Despite having displayed extremely strong pace over the course of the opening two races of the 2009 Formula 1 World Championship campaign, Red Bull Racing – arguably the leading 'non-diffuser' team – has just 1.5 points on the board arriving in Shanghai this weekend. That is a statistic that Mark Webber intends to change – and fast.
With team-mate Sebastian Vettel having crashed out whilst duelling over the runner-up laurels with BMW-Sauber rival Robert Kubica in the closing stages of the Australian Grand Prix, and having similarly spun out of contention in Malaysia a week later, Webber has been RBR's sole bread winner to-date this season, courtesy of his sixth place finish in Sepang a fortnight ago.
The Australian, too, however, has been on the receiving end of more than his fair share of bad luck, being caught up in the first corner mêlée in front of his home fans Down Under in Melbourne, and deserving far better than what he ended up with in Malaysia, having at one stage been the quickest man on the track and looking set for a rostrum finish – if not even better. The Chinese Grand Prix, he hopes, will be Red Bull's recompense – and then when the team's new diffuser is ready, he hopes the Renault-powered RB5 will really
“We had a pretty good run in Melbourne until the first corner,” he recounted. “I think Heikki [Kovalainen] hit Rubens [Barrichello]. I haven't spoken to Heikki about that yet, but Rubens and I said we are going to bash him up later on! Yeah, that happens. Then Malaysia was obviously an exceptional race with the weather in the end, and that could have gone either way for many people, with drivers who were pitting or weren't pitting for different tyres.
“We are in a reasonable situation pace-wise. We're not right at the front but not going too bad, so we are coming here very optimistic again to try and fight for a podium if we can. It is not easy. Jarno [Trulli] has done a very good job so far and Nico [Rosberg] as well with the Williams, so it is tough out there as usual and we will do our best. Q3 is a very important session, we know that, and the fuel load is quite powerful for lap time, always has been. Like I said we will try and do the same here and get up at the front if we can.
“Early in Europe we will get the diffuser and we have a pretty good upgrade for Barcelona, so [there's] not a lot going on for the next two races, but I think for Barcelona we will be in better shape and then a few races after that we might see the introduction of a different rear to the car.”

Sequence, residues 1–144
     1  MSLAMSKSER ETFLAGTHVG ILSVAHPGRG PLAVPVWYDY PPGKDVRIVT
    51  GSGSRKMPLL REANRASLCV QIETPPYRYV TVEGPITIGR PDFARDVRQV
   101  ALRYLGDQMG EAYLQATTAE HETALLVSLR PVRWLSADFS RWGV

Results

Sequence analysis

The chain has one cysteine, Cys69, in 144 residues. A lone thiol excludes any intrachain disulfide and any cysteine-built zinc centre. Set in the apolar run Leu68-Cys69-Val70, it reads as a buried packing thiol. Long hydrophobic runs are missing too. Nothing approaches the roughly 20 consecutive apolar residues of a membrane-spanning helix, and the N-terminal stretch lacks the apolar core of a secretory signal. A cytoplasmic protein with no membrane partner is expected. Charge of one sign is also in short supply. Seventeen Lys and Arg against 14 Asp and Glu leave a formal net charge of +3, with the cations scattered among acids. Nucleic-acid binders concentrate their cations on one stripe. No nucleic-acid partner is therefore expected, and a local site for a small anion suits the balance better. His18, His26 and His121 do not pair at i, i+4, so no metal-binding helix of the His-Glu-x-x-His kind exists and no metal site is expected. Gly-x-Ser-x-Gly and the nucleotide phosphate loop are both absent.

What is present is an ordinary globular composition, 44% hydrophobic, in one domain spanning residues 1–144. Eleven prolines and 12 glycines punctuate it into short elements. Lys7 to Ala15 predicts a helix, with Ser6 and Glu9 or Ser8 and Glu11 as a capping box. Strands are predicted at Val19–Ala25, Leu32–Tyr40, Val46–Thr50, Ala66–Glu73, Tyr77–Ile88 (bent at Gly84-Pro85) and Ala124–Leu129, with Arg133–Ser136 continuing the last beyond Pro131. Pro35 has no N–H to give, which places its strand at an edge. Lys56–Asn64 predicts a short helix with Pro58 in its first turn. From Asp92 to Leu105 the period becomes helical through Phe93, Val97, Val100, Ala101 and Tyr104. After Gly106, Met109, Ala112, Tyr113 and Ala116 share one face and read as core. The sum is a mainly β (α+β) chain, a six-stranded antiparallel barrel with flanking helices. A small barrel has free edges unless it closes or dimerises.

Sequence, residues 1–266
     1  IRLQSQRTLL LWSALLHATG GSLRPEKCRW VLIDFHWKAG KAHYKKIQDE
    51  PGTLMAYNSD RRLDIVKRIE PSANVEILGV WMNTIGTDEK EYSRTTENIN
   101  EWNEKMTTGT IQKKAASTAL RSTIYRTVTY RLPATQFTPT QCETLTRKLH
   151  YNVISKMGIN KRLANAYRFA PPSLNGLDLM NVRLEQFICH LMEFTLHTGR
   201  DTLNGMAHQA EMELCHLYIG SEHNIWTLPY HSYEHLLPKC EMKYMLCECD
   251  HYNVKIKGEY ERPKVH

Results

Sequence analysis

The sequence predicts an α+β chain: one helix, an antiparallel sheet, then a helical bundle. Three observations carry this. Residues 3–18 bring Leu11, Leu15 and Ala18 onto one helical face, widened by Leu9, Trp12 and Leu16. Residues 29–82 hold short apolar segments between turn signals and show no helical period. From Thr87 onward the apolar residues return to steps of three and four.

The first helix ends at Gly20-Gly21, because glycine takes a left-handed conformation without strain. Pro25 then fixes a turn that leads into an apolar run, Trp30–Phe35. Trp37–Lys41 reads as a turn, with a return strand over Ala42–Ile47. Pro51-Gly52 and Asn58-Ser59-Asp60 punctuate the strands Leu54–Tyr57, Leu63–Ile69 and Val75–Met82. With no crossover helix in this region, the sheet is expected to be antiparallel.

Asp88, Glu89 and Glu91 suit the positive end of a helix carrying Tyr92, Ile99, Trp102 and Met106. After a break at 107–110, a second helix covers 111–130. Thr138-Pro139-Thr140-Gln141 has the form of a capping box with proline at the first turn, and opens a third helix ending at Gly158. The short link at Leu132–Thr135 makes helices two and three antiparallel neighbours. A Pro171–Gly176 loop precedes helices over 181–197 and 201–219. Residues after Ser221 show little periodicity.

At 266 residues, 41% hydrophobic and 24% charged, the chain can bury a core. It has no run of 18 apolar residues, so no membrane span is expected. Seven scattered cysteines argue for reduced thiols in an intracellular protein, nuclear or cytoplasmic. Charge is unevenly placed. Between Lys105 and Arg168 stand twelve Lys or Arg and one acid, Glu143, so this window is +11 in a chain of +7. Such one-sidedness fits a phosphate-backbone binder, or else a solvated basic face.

Joking of his Chinese outing that he 'got here as late as possible and I leave as quickly as possible', the New South Wales native also explained the part he played in Sepang in discussing the conditions with his fellow GPDA (Grand Prix Drivers' Association) members whilst the race was red-flagged and the drivers and cars sat on the starting grid waiting to be told whether or not a result would be called. Unanimity of opinion, he underlined, made things a lot easier.
“The GPDA is very strong at the moment,” the 32-year-old stated. “We have a full grid of active members within the association with the exception of Kimi [Raikkonen], so we have come quite a good way. It's always been very, very important that the GPDA is constantly counselling each other on different issues that come across our sport.
“My role was not that difficult in Malaysia. All the drivers were concerned about the conditions and I was just really asking the guys what they thought, because there could have been a situation where the race might have been turned round quite quickly – they could have started the race quite fast again, in their eyes, but in our eyes obviously it was totally different. I thought it was worth asking a few guys towards the front and guys with experience, and I also asked Lewis [Hamilton] being the world champion, and all the responses were the same.
“When we communicate a lot better off the track it makes it easier for the guys to have more respect for each other when we are under off-course pressure from the teams or under pressure from ourselves to get the results. The organisation is going fine.”